Final word on alcohol for 2021 and tips on avoiding hangovers

As we prepare to see off what has been another very ordinary year, largely ruined by coronavirus yet again, you could be forgiven for ringing in the new year a little too hard.

But if you do choose to overindulge, what are you likely doing to your body and what can you do to avoid a hangover?

Here, we’ll look back at what some of the research on alcohol consumption showed us in 2021, before finishing with our top tips to avoid a hangover this New Year’s Day.

Read: What happens when alcohol and anxiety mix?

Older Aussies love a drink
Older Australians are much more likely to drink excessively than the general population.

In the middle of the year, the Australian Institute of Health and Welfare’s (AIHW) report, Alcohol, tobacco and other drugs in Australia, provided some sobering statistics about the rates of problem drinking among older Australians.

It found that people aged 70 and over are the most likely of all ages to drink daily (12.6 per cent of the population), followed by people in their 60s (9.6 per cent) and 50s (7.3 per cent) with more males than females represented in all age groups.

The data also showed that the tendency to drink to excess may begin in the late 40s before ramping up once people reach their 50s.

Australia’s reputation for being a nation of drinkers was also confirmed in the Global Drug Survey, which showed that out of 22 countries surveyed Australia came out on top for the most people getting drunk regularly.

Read: Four non-alcoholic drinks to try this summer

Drinking and liver disease
The damage wrought by alcohol on the liver has been well known and scientifically established for some time, but a significant finding from the University of Sydney this year found that alcohol doesn’t affect all livers equally.

The scientists discovered that the harmful effects of alcohol are amplified in people who were overweight or obese.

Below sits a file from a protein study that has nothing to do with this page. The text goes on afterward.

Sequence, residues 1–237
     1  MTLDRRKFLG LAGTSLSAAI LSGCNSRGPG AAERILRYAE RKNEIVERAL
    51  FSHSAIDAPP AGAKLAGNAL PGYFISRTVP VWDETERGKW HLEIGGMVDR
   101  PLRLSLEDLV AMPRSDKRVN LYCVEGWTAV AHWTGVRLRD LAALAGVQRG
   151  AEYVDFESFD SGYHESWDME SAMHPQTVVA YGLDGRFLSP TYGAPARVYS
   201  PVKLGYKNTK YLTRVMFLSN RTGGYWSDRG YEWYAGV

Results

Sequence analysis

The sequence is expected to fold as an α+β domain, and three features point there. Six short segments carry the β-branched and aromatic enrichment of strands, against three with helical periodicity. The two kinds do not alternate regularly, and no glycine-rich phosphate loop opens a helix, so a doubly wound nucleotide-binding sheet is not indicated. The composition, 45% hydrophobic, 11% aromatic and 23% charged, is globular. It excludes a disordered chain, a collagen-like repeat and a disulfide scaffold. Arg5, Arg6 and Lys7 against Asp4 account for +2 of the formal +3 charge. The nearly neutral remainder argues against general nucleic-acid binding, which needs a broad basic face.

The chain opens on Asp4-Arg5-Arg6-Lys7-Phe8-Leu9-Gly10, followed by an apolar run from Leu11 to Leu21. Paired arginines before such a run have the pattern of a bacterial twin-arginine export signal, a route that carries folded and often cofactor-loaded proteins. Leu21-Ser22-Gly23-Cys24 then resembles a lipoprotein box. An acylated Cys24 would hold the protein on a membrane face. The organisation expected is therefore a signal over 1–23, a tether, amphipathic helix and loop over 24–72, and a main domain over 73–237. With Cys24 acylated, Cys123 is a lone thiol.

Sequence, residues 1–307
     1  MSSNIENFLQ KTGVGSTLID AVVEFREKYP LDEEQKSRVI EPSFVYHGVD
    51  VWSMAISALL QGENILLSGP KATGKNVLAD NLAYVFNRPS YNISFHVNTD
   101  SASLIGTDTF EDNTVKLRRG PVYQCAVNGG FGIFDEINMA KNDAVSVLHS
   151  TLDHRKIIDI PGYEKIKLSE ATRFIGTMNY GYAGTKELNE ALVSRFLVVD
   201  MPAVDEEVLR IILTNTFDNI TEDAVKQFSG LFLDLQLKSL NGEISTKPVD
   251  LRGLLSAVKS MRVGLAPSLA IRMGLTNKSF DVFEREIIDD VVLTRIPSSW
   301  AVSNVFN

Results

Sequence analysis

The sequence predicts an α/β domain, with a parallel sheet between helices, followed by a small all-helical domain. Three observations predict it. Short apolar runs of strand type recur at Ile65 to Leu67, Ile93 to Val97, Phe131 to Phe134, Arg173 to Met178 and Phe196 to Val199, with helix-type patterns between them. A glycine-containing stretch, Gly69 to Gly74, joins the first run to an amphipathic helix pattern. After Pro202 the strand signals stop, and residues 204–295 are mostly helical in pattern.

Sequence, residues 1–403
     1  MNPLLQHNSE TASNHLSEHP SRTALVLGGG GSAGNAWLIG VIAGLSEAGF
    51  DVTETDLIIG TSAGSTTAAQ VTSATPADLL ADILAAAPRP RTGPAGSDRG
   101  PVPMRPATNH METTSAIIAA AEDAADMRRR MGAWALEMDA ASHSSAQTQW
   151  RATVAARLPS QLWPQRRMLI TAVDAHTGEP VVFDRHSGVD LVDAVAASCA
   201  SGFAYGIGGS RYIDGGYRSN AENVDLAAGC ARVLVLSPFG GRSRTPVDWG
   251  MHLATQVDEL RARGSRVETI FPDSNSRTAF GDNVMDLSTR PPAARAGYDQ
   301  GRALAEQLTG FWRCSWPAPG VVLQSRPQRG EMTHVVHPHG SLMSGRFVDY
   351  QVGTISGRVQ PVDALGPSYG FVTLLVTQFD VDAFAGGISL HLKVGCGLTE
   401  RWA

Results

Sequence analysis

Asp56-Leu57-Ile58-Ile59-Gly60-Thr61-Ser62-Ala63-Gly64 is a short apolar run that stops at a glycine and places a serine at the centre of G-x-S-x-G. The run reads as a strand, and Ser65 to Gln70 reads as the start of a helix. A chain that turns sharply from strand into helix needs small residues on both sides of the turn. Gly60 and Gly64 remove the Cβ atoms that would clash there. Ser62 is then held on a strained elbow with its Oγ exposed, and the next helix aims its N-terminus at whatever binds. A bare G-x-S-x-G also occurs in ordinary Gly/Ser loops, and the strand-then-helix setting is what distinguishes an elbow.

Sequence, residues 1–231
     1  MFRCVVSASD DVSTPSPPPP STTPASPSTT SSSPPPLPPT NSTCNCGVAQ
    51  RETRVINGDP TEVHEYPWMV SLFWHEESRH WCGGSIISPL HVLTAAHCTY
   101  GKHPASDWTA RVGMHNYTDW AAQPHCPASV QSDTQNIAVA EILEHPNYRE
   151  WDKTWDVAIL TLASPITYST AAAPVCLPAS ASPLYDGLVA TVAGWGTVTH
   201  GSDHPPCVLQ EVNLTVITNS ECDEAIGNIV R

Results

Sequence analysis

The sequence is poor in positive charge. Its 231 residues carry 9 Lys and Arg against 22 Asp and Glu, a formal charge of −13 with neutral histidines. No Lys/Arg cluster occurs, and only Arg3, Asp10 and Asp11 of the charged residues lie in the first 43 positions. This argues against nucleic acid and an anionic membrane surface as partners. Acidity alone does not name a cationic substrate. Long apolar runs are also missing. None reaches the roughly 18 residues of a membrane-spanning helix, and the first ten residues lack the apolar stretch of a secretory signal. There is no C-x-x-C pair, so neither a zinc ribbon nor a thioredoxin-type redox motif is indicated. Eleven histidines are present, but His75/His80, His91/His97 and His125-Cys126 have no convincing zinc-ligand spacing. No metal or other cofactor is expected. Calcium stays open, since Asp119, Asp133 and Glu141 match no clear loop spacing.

“People in the overweight or obese range who drank were found to be at greater risk of liver diseases compared with participants within a healthy weight range who consumed alcohol at the same level,” said senior author Professor Emmanuel Stamatakis.

“Even for people who drank within alcohol guidelines, participants classified as obese were at over 50 per cent greater risk of liver disease.”

Read: Ways to relax without alcohol

Good for your heart
The news wasn’t all bad for drinkers. In November, we reported on a study that found that drinking one beer or wine a day could be good for your heart.

Scientists from Monash University showed that when it came to cardiovascular disease (CVD), consuming alcohol (in moderation) may actually be beneficial.

The study did attract criticism from health experts, however, with addiction specialist Professor Andy Towers telling The Guardian the study used outdated collection methods that didn’t take into account many other factors, such as a person’s socio-economic status.

Tips for avoiding a hangover this New Year’s Day
Let’s start with the obvious: the best way to avoid a hangover is to drink less.

Now, as outlined at the start of this article, we know that is unlikely to happen, so what else can we do to lessen our chances of ruining the first day of the new year?

Eating a solid meal is important before you start drinking and on the morning after. Food helps to stabilise your body sugar levels and provide you with nutrients. Low blood sugar contributes to symptoms such as fatigue and nausea. Heavy drinking is also known to cause imbalances in the chemicals in your blood. Eating helps to balance them.

Drinking alcohol makes you dehydrated, which is the leading reason that you suffer from hangovers. Drinking water or electrolytes can help you replenish what you have lost, particularly if you have a big glass before you go to bed.

The hair of the dog isn’t a myth. Having a drink the next morning can prevent your body’s conversion of methanol into toxic formaldehyde, which can cause hangover symptoms. While this can lessen symptoms by allowing formaldehyde to leave the body harmlessly, it could encourage unhealthy drinking habits, and is not recommended.

Research supporting the effectiveness of some supplements is limited.

Ginger can reduce nausea and vomiting when mixed with brown sugar and tangerine extract. A study has shown that prickly pear extract can half the severity of hangover symptoms. Red ginseng can reduce blood alcohol levels and hangover symptoms and eleuthero can reduce the severity of a hangover.

How are you planning to ring in the new year? Why not share your thoughts in the comments section below?

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Written by Ben